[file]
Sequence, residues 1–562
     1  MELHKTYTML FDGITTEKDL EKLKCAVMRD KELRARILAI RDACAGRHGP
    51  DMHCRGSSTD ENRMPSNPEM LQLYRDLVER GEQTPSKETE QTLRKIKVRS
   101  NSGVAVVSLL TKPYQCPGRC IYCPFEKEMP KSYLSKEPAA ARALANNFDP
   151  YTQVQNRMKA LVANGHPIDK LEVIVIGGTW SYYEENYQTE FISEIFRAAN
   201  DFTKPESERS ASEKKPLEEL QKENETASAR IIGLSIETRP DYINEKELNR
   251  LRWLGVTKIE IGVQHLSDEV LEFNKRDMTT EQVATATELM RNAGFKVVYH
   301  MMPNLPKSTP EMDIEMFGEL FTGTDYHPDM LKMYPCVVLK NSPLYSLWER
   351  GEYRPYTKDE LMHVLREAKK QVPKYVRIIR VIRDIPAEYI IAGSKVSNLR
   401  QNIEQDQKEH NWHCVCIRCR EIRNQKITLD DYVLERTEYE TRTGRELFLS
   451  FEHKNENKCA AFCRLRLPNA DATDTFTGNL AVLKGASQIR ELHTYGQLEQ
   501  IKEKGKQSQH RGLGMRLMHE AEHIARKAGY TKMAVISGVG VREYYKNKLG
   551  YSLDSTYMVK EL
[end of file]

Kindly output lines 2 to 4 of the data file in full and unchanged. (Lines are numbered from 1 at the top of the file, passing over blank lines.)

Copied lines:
     1  MELHKTYTML FDGITTEKDL EKLKCAVMRD KELRARILAI RDACAGRHGP
    51  DMHCRGSSTD ENRMPSNPEM LQLYRDLVER GEQTPSKETE QTLRKIKVRS
   101  NSGVAVVSLL TKPYQCPGRC IYCPFEKEMP KSYLSKEPAA ARALANNFDP